UM: Management in Humanitarian Action

Lecture, Seminar
  • Course description

    The study-unit will cover a set of basic practical issues related to humanitarian action:
    - Basic introduction to management of humanitarian operations
    - Basic introduction to management of development projects
    - Personnel management (including intercultural issues and security issues) in humanitarian organizations
    - Financial management, fund-raising, budgeting, accounting, and reporting
    - Project cycle management
    - Self-evaluation and external evaluation
    - Management of external relations
    - Dealing with trauma and cultural adjustment issues.
  • Learning outcomes

    1. Knowledge & Understanding: By the end of the study-unit the student will be able to:
    - develop and co-manage (initially under supervision) small-scale project or intervention
    - recognize the complexity personnel management issues involved in humanitarian and development interventions
    - recognize the financial management issues involved in humanitarian and development interventions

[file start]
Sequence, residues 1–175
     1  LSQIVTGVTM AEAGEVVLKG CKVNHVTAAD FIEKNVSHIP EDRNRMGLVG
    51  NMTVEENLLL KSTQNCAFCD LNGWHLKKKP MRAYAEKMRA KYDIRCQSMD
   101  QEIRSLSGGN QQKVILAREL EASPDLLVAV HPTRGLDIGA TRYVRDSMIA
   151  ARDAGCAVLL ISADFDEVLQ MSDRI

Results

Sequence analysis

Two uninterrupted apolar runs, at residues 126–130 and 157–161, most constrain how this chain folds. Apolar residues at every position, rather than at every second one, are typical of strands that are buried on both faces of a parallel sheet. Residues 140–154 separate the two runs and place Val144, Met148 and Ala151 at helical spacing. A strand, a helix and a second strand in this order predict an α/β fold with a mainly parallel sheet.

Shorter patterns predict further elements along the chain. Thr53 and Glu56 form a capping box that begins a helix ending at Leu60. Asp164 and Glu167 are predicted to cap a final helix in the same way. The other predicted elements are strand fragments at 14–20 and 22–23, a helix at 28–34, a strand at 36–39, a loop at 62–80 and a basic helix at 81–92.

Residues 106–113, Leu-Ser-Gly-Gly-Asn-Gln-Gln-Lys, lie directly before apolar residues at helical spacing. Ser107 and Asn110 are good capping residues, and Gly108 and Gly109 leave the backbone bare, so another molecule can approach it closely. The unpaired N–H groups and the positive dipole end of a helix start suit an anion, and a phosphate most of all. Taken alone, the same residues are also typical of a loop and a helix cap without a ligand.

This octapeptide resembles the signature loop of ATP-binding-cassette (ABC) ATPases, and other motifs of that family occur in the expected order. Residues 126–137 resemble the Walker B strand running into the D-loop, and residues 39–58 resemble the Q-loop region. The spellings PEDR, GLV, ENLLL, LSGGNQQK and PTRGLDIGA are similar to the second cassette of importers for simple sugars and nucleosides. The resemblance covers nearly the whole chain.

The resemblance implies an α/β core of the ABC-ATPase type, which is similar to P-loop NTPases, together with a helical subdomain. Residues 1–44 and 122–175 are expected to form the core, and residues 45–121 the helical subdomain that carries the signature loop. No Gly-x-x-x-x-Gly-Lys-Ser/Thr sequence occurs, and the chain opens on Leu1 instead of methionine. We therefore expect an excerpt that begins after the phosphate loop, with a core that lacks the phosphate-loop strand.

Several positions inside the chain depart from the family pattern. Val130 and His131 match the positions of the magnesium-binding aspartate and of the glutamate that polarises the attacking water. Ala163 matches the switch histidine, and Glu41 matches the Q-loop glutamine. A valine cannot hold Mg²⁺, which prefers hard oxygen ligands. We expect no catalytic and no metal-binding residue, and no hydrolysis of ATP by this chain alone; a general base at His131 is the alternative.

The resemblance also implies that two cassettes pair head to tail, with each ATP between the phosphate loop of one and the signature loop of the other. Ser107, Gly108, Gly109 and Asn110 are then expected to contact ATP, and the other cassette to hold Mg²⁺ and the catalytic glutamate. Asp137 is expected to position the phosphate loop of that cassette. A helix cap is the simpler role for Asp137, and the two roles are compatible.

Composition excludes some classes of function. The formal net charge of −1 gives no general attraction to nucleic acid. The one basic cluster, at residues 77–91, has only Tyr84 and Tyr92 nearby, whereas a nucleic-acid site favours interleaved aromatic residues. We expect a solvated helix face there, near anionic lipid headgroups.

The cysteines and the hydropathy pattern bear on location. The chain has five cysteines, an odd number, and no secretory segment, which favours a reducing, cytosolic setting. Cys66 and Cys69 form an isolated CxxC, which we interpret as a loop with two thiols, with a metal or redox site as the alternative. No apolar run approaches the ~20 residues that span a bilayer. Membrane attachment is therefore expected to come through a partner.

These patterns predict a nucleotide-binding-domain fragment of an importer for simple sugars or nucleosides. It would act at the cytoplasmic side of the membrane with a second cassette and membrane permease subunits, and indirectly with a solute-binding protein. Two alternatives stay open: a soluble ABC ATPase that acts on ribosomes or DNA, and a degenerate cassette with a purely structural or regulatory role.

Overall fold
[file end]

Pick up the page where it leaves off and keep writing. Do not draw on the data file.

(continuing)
- identify how and to what extent a proposed project can be evaluated
    2. Skills: By the end of the study-unit the student will be able to:
    - manage (initially under supervision) practical interventions from conceptualization to evaluation
    - prepare a budget
    - prepare a funding request
    - prepare a project proposal
  • Teaching and methodology

    The study-unit aims to:
    - make students aware of the full range of practical and professional constraints that must be tackled in any humanitarian or development intervention.
    - provide students with a set of practical skills to tackle such issues
    - ensure that students have the necessary set of skills to be "deployable" directly in field missions.
  • Assessment methods and criteria

    Portfolio: 100% weight, resit availability present
  • Required reading

    This unit is less oriented towards the analytical readings and more towards gaining insights from practitioners, their experiences and lessons they have learnt. The guest lecturers are also supposed to suggest readings for their individual lectures.
    However, for mainly illustrative purposes, these are the types of readings that will be assigned (recommended readings):
    Christine Williamson "Personnel management and security" Humanitarian Exchange Magazine Issue 47 June 2010
    Peter Salama The Psychological Health of Relief Workers: Some Practical Suggestions Humanitarian Exchange Magazine Issue 15 November 1999
    David Loquercio, Mark Hammersley and Ben Emmens "Understanding and addressing staff turnover in humanitarian agencies" Humanitarian Practice Network Paper No. 55 July 2006
    European Commission 2005 ECHO Manual, Project Cycle management.

Last updated: 15 January 2018

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